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But—and this is super important!—with the advent of sound, 35mm film stock became a tiny bit bigger in order to accommodate the sound track. The aspect ratio went from being 4:3, a.k.a. 1.33:1, to being 1.37:1, or 1.37 times wider than it was tall. All sound films were then shown in this ratio, which was an almost negligible difference image-wise from 4:3. But still, it was a difference! And it became known as the Academy ratio, because of the Academy of Motion Pictures Arts and Sciences, a.k.a. the people who decide on the Oscars.

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OK, so stuff used to be square, but then then it got stretched wider, yada, yada, yada. What does this have to do with me marathoning the season when Jerry and George are pitching a sitcom until Netflix asks me if I’m really still watching? (Which, I am, Netflix! Leave me alone!)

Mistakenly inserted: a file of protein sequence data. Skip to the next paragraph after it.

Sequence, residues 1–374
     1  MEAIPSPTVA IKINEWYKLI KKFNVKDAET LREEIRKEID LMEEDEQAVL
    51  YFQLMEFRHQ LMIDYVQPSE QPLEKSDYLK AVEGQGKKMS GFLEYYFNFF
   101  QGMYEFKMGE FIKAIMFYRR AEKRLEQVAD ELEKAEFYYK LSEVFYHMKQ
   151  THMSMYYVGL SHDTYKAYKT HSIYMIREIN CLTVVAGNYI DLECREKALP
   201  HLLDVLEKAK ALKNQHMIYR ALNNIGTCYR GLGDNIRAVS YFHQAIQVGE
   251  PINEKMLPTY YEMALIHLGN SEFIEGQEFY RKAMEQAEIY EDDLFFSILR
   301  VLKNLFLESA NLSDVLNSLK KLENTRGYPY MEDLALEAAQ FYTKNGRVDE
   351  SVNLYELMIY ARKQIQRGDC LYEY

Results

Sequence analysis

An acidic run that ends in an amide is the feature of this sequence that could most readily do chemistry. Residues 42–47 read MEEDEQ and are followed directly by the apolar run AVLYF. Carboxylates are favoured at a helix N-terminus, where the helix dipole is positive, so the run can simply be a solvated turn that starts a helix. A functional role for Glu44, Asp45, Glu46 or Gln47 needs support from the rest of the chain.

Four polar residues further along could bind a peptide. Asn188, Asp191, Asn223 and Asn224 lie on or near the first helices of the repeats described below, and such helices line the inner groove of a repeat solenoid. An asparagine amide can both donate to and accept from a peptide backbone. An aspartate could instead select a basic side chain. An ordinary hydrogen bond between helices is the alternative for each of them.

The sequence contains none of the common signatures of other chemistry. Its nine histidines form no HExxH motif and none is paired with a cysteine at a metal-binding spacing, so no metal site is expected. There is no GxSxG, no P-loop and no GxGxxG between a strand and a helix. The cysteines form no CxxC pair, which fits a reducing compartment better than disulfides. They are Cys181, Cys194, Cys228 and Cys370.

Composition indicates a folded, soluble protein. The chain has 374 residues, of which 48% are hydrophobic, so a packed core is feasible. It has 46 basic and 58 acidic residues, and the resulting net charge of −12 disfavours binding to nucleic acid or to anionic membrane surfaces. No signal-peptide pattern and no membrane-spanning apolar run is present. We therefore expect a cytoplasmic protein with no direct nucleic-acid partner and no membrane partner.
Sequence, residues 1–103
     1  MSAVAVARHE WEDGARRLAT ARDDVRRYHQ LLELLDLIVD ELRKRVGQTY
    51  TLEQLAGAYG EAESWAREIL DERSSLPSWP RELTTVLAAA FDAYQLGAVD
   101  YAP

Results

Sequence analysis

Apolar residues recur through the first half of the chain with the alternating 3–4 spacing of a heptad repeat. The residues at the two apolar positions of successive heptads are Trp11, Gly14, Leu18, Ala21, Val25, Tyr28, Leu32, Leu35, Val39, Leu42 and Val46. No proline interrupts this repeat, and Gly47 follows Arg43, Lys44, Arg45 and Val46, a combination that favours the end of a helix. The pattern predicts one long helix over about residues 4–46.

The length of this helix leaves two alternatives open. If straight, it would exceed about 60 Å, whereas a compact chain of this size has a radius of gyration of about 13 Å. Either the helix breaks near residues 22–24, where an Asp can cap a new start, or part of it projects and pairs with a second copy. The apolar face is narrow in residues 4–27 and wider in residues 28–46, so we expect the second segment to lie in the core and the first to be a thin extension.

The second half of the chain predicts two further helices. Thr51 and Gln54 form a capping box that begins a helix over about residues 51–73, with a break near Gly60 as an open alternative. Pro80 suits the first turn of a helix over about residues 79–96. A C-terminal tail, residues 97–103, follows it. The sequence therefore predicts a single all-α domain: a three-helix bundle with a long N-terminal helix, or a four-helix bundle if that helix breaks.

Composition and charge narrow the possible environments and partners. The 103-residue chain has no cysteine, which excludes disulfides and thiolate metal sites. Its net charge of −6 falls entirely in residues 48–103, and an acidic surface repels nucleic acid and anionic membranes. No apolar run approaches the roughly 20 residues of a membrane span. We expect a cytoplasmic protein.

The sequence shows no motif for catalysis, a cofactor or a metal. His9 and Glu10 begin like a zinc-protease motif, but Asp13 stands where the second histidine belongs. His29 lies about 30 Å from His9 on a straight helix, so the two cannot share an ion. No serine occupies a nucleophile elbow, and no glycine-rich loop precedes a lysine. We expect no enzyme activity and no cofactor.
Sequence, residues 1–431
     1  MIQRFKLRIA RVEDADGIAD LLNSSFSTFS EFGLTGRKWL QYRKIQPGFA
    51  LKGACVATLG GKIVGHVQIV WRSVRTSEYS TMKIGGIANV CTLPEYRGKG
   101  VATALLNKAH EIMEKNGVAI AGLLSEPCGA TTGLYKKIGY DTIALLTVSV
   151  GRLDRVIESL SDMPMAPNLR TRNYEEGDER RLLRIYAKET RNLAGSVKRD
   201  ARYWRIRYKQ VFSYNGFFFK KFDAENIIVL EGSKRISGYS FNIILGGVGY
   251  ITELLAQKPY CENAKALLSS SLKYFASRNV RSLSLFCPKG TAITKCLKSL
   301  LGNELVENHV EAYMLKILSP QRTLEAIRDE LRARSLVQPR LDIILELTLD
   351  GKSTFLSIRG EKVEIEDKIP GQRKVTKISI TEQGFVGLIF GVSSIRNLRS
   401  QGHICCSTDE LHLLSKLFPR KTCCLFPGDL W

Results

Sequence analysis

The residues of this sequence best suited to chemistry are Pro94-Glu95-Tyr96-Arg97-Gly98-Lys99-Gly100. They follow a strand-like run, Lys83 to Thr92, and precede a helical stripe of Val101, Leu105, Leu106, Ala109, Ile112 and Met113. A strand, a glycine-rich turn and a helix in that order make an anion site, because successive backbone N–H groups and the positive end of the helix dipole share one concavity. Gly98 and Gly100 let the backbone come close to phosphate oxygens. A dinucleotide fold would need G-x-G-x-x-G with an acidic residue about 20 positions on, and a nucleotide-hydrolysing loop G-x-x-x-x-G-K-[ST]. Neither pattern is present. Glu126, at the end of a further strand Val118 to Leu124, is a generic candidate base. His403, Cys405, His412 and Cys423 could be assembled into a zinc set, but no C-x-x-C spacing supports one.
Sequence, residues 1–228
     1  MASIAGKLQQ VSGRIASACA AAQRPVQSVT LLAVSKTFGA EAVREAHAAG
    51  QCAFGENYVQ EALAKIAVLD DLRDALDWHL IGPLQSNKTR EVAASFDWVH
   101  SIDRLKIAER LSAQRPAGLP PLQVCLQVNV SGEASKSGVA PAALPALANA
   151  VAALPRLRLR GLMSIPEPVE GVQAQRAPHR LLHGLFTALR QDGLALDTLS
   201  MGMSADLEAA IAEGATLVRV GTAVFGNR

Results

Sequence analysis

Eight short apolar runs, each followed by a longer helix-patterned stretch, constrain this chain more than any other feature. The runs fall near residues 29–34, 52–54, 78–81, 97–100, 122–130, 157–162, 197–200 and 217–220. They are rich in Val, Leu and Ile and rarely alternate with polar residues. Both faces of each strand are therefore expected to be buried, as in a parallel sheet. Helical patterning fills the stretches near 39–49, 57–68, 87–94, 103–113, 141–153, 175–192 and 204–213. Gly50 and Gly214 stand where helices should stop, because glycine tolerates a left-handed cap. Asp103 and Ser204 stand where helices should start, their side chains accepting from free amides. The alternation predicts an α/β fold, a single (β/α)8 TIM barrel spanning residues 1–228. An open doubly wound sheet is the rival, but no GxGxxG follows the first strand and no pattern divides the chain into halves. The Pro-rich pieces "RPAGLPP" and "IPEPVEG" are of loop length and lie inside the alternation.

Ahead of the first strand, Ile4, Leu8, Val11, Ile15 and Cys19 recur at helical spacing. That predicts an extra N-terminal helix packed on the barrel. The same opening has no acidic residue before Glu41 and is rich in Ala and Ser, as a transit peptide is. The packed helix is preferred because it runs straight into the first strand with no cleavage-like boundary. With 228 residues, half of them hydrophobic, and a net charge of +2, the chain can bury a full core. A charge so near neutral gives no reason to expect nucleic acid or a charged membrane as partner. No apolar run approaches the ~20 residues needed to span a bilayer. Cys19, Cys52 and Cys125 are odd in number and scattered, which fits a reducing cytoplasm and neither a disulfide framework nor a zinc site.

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I’m getting there. 4:3 remained common enough that TV and, later, computer monitors, were made to match that allowance, so that the image would encompass the entire screen. But starting in the early ’50s, while TV screens remained the same size, movie screens (and movies) got wider and wider; this was partially done in a move to help differentiate film from television, as the latter increased in popularity. Thus widescreen, or the 16:9 aspect ratio, was born. (The 16:9 aspect ratio, for those who want to get technical, is also known as 1.78:1, or an image 1.78 times wider than it is tall.) Film’s adoption of a wider image is why movies shown on TV used to begin with a little disclaimer:

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Black scsreen that says, This film has been modified from its original version. It has been formatted to fit this screen.
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The image had to be altered in order to fit the space of the TV screen; this was usually done through selective cropping methods, which would often sacrifice a large portion of the original image. This objectively sucks if you’re a purist who wants to see a movie the way it was meant to be seen, which is why people hate when widescreen content is adjusted for fullscreen, uh, screens. But alas: Home video and cable movie marathons beckoned.